Summit Bancorp., Princeton, N.J., will offer its cash management services-which are provided by Automated Data Processing Inc.-in a Windows version, in addition to the current DOS form.

"Our customers wanted Windows," said Kimberly Johnson, vice president at $29 billion-asset Summit.

New software would integrate several Summit services, including same-day balance and transaction reporting, wire transfers, and letter of credit originations. The bank currently uses DOS-based versions of ADP's software.

Terms of the deal were not disclosed.

Summit is among 120 banks that remarket cash management services provided by Roseland, N.J.-based ADP, a computer services company with $4 billion in revenues last year.

ADP recently formed two units-Electronic Banking and Treasury Automation Services-in part to raise its low profile among banks.

"We have increased the emphasis and focus and the investments we are making in this particular area," said Gail Angel, director of Treasury Automation Services at ADP.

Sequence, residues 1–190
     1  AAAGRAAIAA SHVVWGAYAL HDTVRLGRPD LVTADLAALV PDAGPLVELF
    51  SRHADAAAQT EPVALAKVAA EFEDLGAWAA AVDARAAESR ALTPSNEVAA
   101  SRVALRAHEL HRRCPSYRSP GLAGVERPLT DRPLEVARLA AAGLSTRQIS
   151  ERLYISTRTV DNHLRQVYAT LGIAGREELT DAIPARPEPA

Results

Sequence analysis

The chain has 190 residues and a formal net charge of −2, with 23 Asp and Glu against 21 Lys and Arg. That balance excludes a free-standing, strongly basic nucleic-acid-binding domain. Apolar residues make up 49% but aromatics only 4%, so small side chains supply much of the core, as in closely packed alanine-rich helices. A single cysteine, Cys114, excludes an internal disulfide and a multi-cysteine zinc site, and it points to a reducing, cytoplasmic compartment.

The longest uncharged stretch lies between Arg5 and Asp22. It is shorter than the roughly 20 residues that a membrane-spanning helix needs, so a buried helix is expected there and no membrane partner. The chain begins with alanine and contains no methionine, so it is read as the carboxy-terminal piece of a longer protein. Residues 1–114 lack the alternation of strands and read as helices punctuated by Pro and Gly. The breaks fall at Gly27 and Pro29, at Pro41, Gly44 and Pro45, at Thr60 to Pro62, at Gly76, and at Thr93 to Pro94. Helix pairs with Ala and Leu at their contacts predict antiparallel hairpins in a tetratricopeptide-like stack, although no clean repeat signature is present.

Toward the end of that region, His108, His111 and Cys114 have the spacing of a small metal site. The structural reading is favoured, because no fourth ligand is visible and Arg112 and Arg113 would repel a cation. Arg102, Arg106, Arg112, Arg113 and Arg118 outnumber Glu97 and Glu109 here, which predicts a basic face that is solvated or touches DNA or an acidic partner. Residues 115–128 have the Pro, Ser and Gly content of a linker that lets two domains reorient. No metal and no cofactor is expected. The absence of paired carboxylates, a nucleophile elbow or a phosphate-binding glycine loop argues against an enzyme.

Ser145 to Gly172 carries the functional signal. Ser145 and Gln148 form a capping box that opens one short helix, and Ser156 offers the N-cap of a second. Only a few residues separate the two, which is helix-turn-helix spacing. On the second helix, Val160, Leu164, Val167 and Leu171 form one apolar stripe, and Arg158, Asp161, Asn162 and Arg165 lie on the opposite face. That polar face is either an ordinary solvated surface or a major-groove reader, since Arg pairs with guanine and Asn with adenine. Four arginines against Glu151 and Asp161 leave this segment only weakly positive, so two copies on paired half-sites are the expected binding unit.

A few years ago, "if you talked about ADP, people would have said, 'Oh yeah, a payroll company.'"

"If you talked to major cash management providers now, many would say otherwise."

ADP's behind-the-scenes role in banking has grown in recent years. Officials said the company has a close relationship with 21 of the top 25 banks in the nation and lists more than 1,300 banks as customers.

But bankers are nonetheless uneasy at letting their vendors get too close to their customers. ADP and First Data Corp., among others, could pose a threat to their banking business, observers said.

Rick Weingarten, an analyst at Salomon Brothers, New York, noted that ADP has direct access to the Federal Reserve electronic payment system through its banking charter in Allentown, Pa.

Furthermore, ADP excels in a particular financial service that once was a bailiwick of banks: payroll processing.

But Ms. Angel said ADP is not interested in competing with its banking customers. Her company wants to "complement what a bank does."

"We look for ways to add value to the relationship," she said.

Mr. Weingarten maintains a "buy" rating on ADP's stock, which is listed on the New York Stock Exchange. He said the company has reported double- digit growth in per-share earnings in "every quarter for more than 35 years."

"I don't think there is any other public company that can claim that," he said. u

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